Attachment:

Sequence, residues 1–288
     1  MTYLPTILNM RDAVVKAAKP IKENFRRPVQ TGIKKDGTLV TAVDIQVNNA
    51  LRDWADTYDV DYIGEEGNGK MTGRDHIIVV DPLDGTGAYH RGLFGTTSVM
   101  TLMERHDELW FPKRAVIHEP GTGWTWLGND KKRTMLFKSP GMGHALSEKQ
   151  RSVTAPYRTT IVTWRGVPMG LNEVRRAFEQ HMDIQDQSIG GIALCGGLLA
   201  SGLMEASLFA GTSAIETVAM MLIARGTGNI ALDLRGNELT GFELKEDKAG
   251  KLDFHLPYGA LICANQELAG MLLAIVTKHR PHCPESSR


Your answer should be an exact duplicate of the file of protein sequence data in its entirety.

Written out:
Sequence, residues 1–288
     1  MTYLPTILNM RDAVVKAAKP IKENFRRPVQ TGIKKDGTLV TAVDIQVNNA
    51  LRDWADTYDV DYIGEEGNGK MTGRDHIIVV DPLDGTGAYH RGLFGTTSVM
   101  TLMERHDELW FPKRAVIHEP GTGWTWLGND KKRTMLFKSP GMGHALSEKQ
   151  RSVTAPYRTT IVTWRGVPMG LNEVRRAFEQ HMDIQDQSIG GIALCGGLLA
   201  SGLMEASLFA GTSAIETVAM MLIARGTGNI ALDLRGNELT GFELKEDKAG
   251  KLDFHLPYGA LICANQELAG MLLAIVTKHR PHCPESSR